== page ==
In the very early 1920s, when Adolf Hitler was still only a local rabble rouser in Munich, two men from Munich’s American consulate made a point of observing his rallies: Robert Murphy, the young acting consul, and Paul Drey, a German employee who was a member of a distinguished Bavarian Jewish family.
“Do you think these agitators will ever get far?” Murphy asked his colleague.
“Of course not!” Drey replied. “The German people are much too intelligent to be taken in by such scamps.”
Since the recent publication of my book “Hitlerland: American Eyewitnesses to the Nazi Rise to Power,” many people have asked me why American diplomats and journalists were often slow to recognize the threat that Hitler represented. It’s a legitimate question, requiring more than a simple answer. But an equally legitimate question is why many German and American Jews were often just as slow in waking up to the Nazi danger.
Or slower. In fact, some Americans living in Germany were more alarmed by what they were witnessing than German Jews appeared to be. In late 1932, as Hitler was close to taking power, Edgar Ansel Mowrer, the Chicago Daily News correspondent who was one of the most perceptive observers on the scene, attended a dinner at the home of a prominent Jewish banker. All the other guests were also Jewish bankers, and Mowrer was startled to hear that some of them had given money to the Nazis at the urging of non-Jewish German industrialists.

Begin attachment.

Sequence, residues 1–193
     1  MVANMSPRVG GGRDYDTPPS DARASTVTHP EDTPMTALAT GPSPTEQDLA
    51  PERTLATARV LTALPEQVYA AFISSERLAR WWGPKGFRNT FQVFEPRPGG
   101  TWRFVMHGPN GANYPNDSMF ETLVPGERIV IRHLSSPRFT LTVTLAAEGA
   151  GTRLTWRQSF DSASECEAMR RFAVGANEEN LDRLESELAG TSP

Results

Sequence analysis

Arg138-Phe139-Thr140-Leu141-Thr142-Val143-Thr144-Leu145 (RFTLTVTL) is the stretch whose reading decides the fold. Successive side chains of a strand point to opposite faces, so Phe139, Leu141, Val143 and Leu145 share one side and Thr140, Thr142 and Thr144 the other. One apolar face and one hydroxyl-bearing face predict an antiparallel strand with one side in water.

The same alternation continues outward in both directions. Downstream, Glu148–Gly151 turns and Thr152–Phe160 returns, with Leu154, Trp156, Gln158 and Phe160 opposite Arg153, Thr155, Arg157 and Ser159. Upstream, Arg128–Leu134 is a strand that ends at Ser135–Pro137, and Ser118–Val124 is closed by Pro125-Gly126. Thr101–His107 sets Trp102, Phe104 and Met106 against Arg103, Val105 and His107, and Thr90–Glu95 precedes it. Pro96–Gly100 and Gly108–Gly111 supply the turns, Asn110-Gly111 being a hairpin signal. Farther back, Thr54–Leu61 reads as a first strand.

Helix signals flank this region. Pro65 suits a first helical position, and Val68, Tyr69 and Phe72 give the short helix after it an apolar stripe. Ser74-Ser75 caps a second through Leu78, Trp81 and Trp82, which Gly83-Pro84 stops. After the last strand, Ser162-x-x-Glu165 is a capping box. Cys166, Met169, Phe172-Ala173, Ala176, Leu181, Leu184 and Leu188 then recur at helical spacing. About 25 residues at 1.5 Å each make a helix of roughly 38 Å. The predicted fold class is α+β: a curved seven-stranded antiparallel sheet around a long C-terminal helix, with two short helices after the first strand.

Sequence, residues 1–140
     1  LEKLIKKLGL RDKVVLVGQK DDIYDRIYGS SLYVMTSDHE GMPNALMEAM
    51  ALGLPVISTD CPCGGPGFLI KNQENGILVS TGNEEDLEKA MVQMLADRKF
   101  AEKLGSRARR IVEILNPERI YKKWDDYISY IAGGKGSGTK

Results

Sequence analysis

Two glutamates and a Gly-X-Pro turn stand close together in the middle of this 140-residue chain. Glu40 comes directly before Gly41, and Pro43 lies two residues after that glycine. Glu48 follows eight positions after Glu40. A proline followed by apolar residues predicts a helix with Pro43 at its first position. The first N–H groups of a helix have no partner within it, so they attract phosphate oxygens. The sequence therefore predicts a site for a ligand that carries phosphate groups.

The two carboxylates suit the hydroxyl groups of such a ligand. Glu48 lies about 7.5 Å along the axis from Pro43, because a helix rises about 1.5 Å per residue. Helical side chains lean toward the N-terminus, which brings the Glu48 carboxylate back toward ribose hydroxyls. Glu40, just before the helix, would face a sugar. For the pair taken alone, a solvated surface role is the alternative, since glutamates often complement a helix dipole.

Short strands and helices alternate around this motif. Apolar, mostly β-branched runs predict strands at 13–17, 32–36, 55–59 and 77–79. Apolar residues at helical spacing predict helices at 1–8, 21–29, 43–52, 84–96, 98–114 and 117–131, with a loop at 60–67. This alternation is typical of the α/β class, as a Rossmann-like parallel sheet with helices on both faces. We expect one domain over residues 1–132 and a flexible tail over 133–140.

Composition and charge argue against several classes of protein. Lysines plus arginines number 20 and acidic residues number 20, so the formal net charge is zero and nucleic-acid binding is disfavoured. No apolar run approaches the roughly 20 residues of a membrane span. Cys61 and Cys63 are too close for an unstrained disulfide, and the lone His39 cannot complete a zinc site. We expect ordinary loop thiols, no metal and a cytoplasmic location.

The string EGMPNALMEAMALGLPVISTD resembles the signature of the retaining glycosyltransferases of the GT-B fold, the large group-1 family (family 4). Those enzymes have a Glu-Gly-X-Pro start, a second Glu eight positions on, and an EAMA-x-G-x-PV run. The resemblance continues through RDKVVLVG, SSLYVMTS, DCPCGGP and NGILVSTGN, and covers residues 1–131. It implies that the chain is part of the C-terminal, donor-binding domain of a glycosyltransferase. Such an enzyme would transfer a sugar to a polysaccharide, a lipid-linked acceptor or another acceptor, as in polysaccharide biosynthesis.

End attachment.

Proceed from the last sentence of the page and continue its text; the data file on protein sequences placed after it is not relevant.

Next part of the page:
When Mowrer expressed his astonishment at his dinner companions’ “strong suicidal urge,” his host insisted that Hitler shouldn’t be taken seriously. The implication: The Nazi leader would never act on his most extreme rhetoric, and besides, the donations would keep him reasonable. To Jews who were more willing to listen, Mowrer’s advice was unequivocal: “Get out, and fast.”
True, many German Jews understood the danger early on and were all too eager for others to understand their dire situation, as well, including the relatively rare American Jewish visitor like labor organizer Abraham Plotkin. When Plotkin arrived in Berlin in November 1932, German Jews peppered him with questions about Jewish life in the United States. When he said there was anti-Semitism there, too, they scoffed at the notion that it was at all comparable. “Do they ever throw Jews out of subway cars in New York?” they asked, enumerating other acts of violence.“There is hardly a Friday night that we pray without trembling.”
And yet when Plotkin went, on December 16, 1932, to see a Nazi rally, which featured chief propagandist Joseph Goebbels, he found the event anticlimactic. “I confess my disappointment,” he wrote in his diary. “I had come to see a whale and found a minnow.” On January 30, 1933, Hitler was named chancellor.